Earlier this month, I was helping a client clean out her closet when I encountered a horrifying sight: wire hangers. While I could have gone full Joan Crawford, I decided to take a calmer approach and simply show her the damage that the wire hangers were doing to her clothes. Suddenly, the client realized that her “free” hangers from the dry cleaner weren’t a very good deal.
Wire hangers can leave peak marks on the shoulders of your tops. They can also stress the weave of your sweaters and knit tops leaving them looking weak and worn. Also, because the hangers are so weak, clothes hanging from them can actually stretch out because the hangers don’t support the weight.
So what kind of hangers should a person buy?
While wood hangers are ideal (Why do you think department stores use them?), I think the velvet flocked slim hangers are the best choice for budget conscious shoppers.
Because they’re thin, they make it possible to fit more clothes in your closet, but the hangers are also really strong. Each hanger can support up to ten pounds, so whether you are hanging a camisole or a winter parka, your hanger won’t fail you. And the velvet flocking helps keep delicate tops in place so that the straps and sleeves don’t slip off.
The hangers can be found from several brands in several stores. They sell on Amazon fro $29 for 50 hangers. I purchased mine at Bed Bath and Beyond for a similar price. I needed about 80 to finish my closet. I also needed clips for my skirts which run $8 for a set of 12 (6 pair).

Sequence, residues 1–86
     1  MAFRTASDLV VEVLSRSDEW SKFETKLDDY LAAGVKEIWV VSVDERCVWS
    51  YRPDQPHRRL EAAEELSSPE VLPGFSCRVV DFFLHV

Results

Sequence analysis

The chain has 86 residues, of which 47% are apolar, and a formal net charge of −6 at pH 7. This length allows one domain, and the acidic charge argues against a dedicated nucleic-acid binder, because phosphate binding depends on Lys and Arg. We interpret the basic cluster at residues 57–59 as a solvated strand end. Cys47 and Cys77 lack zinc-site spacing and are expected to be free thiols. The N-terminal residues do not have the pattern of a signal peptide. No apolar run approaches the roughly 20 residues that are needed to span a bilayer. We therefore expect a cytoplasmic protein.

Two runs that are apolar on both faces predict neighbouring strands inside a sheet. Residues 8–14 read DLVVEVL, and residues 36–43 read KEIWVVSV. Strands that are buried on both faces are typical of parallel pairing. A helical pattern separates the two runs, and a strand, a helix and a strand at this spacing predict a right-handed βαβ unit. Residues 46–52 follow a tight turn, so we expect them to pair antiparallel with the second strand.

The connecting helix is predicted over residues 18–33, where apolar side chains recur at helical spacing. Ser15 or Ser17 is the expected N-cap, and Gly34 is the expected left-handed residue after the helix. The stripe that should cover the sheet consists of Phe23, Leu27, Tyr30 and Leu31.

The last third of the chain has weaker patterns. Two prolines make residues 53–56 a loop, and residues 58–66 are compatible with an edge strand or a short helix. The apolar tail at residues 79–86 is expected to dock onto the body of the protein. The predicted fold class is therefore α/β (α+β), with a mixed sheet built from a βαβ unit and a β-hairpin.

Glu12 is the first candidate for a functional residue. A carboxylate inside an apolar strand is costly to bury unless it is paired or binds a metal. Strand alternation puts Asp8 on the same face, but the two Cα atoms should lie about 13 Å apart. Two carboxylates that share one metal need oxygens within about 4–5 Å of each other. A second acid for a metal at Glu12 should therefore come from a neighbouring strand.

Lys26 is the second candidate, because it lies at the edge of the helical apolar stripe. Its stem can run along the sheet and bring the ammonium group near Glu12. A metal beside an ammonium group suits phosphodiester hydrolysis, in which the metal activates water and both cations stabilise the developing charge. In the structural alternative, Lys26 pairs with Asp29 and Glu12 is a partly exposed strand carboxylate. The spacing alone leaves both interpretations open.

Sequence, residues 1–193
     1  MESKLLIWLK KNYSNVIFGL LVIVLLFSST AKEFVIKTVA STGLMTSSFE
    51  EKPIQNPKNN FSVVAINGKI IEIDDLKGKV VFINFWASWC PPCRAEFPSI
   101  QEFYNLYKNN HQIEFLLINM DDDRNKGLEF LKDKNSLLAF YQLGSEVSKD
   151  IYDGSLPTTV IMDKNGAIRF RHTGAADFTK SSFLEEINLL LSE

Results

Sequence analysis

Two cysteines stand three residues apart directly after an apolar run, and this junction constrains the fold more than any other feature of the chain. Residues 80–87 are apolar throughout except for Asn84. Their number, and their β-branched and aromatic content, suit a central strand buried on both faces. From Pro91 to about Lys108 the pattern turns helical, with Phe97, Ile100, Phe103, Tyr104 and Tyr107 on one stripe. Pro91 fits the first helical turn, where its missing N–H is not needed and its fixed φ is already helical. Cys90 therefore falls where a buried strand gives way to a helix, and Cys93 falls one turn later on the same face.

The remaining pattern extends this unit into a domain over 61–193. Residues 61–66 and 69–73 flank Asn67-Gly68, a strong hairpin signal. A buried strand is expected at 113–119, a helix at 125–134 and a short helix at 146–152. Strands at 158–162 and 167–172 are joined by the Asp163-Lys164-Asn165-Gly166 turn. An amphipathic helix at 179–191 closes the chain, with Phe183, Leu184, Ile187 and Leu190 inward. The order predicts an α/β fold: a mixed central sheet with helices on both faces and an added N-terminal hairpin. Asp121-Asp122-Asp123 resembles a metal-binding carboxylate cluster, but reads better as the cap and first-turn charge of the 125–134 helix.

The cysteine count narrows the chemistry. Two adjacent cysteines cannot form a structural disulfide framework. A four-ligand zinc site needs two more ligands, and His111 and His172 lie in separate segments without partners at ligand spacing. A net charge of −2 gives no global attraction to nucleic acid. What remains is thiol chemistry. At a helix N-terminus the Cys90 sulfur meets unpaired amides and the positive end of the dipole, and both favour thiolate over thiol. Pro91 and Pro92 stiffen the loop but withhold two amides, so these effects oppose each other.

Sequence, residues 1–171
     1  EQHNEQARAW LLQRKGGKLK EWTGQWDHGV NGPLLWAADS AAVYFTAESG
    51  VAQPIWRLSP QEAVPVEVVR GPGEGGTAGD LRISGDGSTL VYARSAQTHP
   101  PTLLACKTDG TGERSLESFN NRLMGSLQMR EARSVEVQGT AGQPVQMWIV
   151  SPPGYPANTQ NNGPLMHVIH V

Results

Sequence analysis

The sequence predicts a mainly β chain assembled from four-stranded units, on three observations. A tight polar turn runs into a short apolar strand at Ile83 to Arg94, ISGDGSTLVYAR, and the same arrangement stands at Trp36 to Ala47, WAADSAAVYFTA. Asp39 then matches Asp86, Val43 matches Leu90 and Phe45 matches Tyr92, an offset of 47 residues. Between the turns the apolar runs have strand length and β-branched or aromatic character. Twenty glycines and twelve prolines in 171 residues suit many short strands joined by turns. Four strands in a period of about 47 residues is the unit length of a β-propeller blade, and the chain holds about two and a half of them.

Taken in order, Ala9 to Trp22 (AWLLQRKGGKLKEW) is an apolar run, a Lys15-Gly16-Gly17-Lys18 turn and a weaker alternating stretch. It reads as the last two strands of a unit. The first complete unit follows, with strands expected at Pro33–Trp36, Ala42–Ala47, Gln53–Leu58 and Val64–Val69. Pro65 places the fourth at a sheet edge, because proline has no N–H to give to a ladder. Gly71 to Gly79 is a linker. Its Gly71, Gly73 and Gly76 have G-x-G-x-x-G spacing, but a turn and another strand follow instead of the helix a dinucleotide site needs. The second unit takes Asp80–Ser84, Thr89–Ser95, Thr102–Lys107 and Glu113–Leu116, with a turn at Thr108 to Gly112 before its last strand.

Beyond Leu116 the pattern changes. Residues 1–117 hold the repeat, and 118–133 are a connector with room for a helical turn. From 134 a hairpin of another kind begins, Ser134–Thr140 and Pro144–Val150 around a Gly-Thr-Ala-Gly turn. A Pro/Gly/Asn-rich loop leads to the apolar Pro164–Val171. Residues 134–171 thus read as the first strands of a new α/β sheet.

All in all, these hangers have kept my closet organized without damaging my clothes. So if you have a closet full of free, wire dry-cleaner hangers, it’s time to ditch them. Because if your hangers are shortening the life of your clothes than they’re really not free.
I converted to velvet hangers this year and I LOVE them. I purchased some of mine at target for roughly that same price, but I also found them at TJ Maxx for a lesser price.
I finally switched over as well and I love these hangers. I ended up finding mine at Costco for about half the price. I think it was $15 or $20 for 50 hangers. They're not on the website, but If you have access to a Costco, take a look!
Courtney B. says:
The velvet hangers are also the PERFECT solution to a college closet – they can hold multiple tops or dresses at once and they let you cram in more clothing than you ever thought possible. I'm obsessed.
You speak the truth. In my days of retail work, I ended up with a gift of a few hundred wooden hangers for shirts and slacks. My dress shirts and slacks never looked better. My dry cleaners also agreed to make sure they used my hangers as often during the process as possible to maintain the quality of the wardrobe. A few kind words and they were happy to assist me.
Something to consider for each of you in DC: find a good cleaner that will work with you. If your normal cleaner won't do it, find one who will!
Dr. Jean Grey says:
Do plastic hangers have any downside?
Belle! Tell me you aren't really hanging your sweaters and knit tops on hangers?!? No hanger will work for that. You must fold at least your sweaters on shelves, but basically anything knit. Otherwise they will get stretched out and icky. Really..
Agree with Marie-Christine-
i never hang a sweater or knit top, for that matter I don't hang knit skirts either. If space is a consideration, fold (or roll) and stack in a clear box. If wrinking is a concern place tissue paper between items.
I was at Costco today and these hangers were 50 for $16.
charms thomas sabo says:
Agree with Marie-Christine-